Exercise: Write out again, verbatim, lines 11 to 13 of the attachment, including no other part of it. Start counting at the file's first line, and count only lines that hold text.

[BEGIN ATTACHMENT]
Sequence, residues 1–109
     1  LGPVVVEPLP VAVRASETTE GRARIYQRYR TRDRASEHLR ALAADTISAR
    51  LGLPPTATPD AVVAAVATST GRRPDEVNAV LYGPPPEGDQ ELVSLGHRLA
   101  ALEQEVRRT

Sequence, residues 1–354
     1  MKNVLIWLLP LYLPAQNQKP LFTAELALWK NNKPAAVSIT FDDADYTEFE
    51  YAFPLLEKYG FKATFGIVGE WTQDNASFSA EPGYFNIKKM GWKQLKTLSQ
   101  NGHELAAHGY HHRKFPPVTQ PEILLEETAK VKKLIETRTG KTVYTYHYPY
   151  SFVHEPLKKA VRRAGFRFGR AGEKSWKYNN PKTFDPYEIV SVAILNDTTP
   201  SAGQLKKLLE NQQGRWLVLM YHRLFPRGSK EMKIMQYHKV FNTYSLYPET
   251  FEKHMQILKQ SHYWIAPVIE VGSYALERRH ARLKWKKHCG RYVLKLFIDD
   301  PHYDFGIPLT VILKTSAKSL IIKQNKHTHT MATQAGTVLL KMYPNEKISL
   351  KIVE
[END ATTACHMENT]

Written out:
   251  FEKHMQILKQ SHYWIAPVIE VGSYALERRH ARLKWKKHCG RYVLKLFIDD
   301  PHYDFGIPLT VILKTSAKSL IIKQNKHTHT MATQAGTVLL KMYPNEKISL
   351  KIVE